King Cotton, Developing Countries and the `Peace Clause`: The WTO`s US Cotton Subsidies Decision
Karen Halverson Cross
John Marshall Law School in Chicago
Journal of International Economic Law, Vol. 9, No. 1, pp. 149-195, March 2006
Although the World Trade Organization (WTO) is a powerful vehicle for promoting economic development, the Uruguay Round has been perceived by developing country WTO members as an unequal bargain. Especially with respect to agriculture, the Uruguay Round yielded only limited concessions. In September 2003, Doha Round efforts stalled at Cancún when developing countries coalesced to oppose a proposal that insufficiently liberalized trade in agriculture. In March 2005, the Dispute Settlement Body adopted a panel decision upholding Brazil`s legal challenge of US subsidies to cotton producers. The US Cotton Subsidies decision represents a dramatic victory for Brazil and other developing country WTO members. The timing of the decision, coinciding with ongoing Doha Round agriculture negotiations, ensures that it will influence any outcome of the Round. This article examines the US Cotton Subsidies decision, describes the subsidy programs at issue in the dispute, reviews applicable WTO rules, and outlines the major findings of the panel and Appellate Body. The article concludes that Brazil`s victory in US Cotton Subsidies may represent a broader shift within the WTO away from a system dominated by the US and EC toward a system that increasingly is influenced by emerging market economies.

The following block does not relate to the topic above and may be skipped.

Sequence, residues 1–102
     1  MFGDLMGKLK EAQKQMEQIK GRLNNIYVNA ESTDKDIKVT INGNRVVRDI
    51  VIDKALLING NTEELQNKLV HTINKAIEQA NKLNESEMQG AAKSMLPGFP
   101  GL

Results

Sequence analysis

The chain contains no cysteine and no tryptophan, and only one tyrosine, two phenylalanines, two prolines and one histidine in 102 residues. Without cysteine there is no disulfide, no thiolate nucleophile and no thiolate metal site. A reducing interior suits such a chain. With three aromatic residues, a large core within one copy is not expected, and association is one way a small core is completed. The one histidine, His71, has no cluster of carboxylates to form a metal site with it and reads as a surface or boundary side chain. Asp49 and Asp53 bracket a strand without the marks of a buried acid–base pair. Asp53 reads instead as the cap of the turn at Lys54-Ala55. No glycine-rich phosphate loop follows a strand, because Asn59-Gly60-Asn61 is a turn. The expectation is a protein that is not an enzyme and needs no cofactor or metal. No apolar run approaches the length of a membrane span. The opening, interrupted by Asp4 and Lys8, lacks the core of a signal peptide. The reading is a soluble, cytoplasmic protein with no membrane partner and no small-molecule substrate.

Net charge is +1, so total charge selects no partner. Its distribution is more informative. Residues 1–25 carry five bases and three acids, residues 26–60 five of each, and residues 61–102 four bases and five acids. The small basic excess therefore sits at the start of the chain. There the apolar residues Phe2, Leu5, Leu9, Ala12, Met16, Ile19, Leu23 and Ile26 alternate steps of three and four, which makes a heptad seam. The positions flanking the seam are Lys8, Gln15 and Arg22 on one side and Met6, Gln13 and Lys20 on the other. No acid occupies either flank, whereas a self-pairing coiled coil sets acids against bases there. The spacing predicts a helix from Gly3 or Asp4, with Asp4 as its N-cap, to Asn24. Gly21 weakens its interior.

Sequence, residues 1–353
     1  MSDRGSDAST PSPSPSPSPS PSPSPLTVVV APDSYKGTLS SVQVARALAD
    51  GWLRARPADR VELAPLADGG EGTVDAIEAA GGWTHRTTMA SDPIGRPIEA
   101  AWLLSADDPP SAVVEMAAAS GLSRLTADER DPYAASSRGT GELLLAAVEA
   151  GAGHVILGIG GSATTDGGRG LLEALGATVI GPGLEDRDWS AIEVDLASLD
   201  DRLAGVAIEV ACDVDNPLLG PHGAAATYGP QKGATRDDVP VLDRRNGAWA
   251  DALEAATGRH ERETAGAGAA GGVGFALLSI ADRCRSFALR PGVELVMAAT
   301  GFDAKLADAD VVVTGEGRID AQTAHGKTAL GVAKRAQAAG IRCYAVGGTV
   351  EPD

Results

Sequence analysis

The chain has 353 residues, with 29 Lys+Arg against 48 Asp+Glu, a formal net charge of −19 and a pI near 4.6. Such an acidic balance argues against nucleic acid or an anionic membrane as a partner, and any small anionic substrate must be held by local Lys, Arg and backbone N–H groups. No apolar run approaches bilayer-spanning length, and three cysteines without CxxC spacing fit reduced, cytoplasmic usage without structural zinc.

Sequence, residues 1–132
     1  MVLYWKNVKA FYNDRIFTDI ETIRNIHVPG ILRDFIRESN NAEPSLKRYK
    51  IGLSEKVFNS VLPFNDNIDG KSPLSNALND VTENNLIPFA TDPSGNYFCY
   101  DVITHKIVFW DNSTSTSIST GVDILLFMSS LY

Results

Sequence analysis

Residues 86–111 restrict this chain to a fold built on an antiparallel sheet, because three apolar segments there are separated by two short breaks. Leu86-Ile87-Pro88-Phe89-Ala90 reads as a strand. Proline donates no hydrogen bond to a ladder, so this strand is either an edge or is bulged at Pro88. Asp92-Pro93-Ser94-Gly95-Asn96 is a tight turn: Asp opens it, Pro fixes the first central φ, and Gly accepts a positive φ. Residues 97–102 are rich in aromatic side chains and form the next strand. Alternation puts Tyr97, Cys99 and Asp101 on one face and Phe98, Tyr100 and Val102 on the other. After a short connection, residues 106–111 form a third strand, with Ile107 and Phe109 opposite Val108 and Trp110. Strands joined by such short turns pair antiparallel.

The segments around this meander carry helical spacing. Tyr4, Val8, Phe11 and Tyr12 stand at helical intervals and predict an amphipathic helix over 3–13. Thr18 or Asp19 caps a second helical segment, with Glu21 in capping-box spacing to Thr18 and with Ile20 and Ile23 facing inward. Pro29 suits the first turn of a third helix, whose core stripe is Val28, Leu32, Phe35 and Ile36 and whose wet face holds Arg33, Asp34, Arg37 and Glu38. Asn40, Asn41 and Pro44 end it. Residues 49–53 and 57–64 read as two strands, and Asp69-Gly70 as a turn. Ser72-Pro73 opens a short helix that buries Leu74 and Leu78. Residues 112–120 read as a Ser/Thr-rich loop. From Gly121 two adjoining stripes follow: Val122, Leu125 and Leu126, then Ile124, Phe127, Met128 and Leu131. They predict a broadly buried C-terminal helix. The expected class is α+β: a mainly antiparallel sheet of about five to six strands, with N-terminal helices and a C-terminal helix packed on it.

Accepted Paper Series
Date posted: February 29, 2008
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